Interview with Salimatou Fatty: The young woman who wants every child to attend school

Interview with Salimatou Fatty: The young woman who wants every child to attend school

 

She was raised by a single mother after her father left and never looked. She eked out her childhood years in great deprivation. It was her mother who stepped up to the plate at great discomfort for her to learn. Yet in the eyes of the people of her community, women are half human. Now that she’s old and bold enough, Salimatou Fatty is all arms against one of the most important twin challenges of her generation: child neglect and subjugation of women.  Read our exclusive interview with her:   

What’s On-Gambia: Briefly tell us about yourself.

Salimatou:I am Salimatou Fatty, born in North Bank Division, Kerewan Village. I am a child and gender activist, the founder & Chief Executive Officer of Salimatou Foundation for Education. I am currently studying Gender and Development at Management Development Institute.  I am a global youth ambassador of The Gambia for A World at School and also ambassador of The Gambia for other international organisations.

How has your past in any way influenced who you are today?

My mother’s influence has made me who I am today. She is a woman of exceptional qualities. Her influence has made me to advocate for education and most especially gender equality. This is because my biological father left us when I was one year old and my mother stood firm to ensure we receive good education despite the fact that she doesn’t have formal education and was engaged in petty trade to support us. I have many siblings who she supported for us all to have good education. I am influenced because when I was growing up, I realized that women are termed as domestic slaves and that men support the family. I did not grow up in a family where a man supports but rather a woman does. And, I realized that most women are going through a lot of difficulties and they are not seen as better person. These motivated and influenced me to speak up for education as it’s the only tool that can transform people’s life into positive way as well as gender equality.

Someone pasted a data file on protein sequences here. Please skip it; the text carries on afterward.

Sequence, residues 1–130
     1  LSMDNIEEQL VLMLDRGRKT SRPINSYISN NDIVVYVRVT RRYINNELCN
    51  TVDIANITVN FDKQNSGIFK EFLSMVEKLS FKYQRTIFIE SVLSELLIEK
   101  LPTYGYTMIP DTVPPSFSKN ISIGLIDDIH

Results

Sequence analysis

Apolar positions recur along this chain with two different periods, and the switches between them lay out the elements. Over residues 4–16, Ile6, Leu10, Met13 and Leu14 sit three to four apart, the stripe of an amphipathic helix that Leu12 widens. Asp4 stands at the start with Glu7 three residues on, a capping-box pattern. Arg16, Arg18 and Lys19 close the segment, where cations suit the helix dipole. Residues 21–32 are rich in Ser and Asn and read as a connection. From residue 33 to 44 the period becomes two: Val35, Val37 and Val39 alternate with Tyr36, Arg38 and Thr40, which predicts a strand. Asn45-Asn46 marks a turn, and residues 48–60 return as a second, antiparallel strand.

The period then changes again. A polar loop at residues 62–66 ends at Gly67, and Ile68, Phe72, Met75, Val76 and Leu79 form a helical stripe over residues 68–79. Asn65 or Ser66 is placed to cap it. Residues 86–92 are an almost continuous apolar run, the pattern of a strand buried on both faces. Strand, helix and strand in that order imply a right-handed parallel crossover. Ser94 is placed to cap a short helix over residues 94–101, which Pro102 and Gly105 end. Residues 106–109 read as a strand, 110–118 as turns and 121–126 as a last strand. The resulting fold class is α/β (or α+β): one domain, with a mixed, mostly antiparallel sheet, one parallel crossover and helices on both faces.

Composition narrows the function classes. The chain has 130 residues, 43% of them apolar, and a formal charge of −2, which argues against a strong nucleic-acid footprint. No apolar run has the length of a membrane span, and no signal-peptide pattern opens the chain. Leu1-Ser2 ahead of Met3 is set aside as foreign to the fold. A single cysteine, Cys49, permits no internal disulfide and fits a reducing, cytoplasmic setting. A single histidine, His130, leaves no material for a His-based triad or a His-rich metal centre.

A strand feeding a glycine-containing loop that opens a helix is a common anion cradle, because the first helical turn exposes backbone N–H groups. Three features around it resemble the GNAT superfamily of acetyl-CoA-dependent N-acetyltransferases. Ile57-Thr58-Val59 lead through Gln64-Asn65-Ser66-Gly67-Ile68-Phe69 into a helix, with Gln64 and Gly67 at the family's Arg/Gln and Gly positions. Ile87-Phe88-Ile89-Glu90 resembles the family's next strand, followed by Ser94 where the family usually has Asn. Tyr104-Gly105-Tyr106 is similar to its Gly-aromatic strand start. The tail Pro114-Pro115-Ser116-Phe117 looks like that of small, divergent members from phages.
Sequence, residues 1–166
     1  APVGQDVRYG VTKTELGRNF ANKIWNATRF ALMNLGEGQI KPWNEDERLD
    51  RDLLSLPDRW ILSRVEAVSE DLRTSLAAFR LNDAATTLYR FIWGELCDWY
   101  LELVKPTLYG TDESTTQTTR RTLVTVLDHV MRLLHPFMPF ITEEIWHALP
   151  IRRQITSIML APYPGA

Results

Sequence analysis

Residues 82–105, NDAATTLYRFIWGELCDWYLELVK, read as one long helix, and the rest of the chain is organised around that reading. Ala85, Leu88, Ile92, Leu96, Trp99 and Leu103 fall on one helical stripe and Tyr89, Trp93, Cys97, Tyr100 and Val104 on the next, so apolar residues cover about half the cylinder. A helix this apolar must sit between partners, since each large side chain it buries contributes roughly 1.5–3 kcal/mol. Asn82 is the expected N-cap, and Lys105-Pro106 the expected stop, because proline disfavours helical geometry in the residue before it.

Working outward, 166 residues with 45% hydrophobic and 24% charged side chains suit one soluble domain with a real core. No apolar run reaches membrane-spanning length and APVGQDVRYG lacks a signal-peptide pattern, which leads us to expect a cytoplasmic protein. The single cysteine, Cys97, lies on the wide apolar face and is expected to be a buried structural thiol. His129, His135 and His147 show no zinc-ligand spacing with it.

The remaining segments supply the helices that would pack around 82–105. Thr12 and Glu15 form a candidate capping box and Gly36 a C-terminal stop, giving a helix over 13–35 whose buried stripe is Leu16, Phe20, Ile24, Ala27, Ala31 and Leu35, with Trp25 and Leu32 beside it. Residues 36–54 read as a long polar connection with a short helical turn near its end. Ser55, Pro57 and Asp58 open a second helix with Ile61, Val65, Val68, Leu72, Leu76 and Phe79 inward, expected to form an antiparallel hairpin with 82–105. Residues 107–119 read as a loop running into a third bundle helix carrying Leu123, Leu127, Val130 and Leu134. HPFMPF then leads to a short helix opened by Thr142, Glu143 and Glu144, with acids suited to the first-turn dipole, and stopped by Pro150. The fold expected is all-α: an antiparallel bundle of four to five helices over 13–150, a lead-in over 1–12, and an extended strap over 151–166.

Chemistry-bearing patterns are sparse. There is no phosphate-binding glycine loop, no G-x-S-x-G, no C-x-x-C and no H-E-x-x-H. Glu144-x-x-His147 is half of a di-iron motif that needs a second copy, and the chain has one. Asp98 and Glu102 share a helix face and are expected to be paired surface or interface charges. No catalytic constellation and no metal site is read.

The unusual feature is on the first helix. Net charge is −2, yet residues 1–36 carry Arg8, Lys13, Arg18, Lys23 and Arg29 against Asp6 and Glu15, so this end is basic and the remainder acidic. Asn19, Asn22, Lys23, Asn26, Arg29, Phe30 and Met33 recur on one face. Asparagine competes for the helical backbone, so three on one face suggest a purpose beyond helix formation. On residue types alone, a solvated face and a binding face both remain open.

How, and when, did you first get involved in youth and gender activism?

I first got involved in youth activism during my junior school where I joined school clubs. I quit youth activism when I went to high school and I joined again after I completed high school. I have more zeal and passion for youth activism after high school and I started gender activism in 2014 when I was taught about the importance of women and men being equal and equity in a society and how this can contribute to the development of a nation and most especially the world at large.

Who do you look up to and why?

Actually, I looked up to many people. One is my mum and who again is my inspiration. My brother Musa Fatty, my sisters, Madi Jobarteh of TANGO, Eric Kimori of Kenya, Adeosun  Sheriff  Temitope  of Nigeria, Seth King of US, Fabakary Kalleh of Peace Ambassadors, Prince Babucarr Sankanu, Sainey Marenah, Mentor Ida Ngaanga of Kenya just to name a few but I had a whole lot of mentors.

I chose them as my mentors because they never doubted me one bit. They believe and had trust in me and whatever I am in to. They guide me in anything I am getting in even out of my advocacy, most especially Madi Jobateh. I would say he is one of my best mentors. Madi is always there for me even late at night just to make things work smoothly for me. Though my mum mentored me little bit about my activism as she is not much familiar about activism, she helped me greatly outside of my activism.

What causes are you most passionate about?

I am most passionate about education and gender equality and equity.

You were recently appointed as Global Youth Ambassador for "A World At School". How were you identified for the job and what are your responsibilities?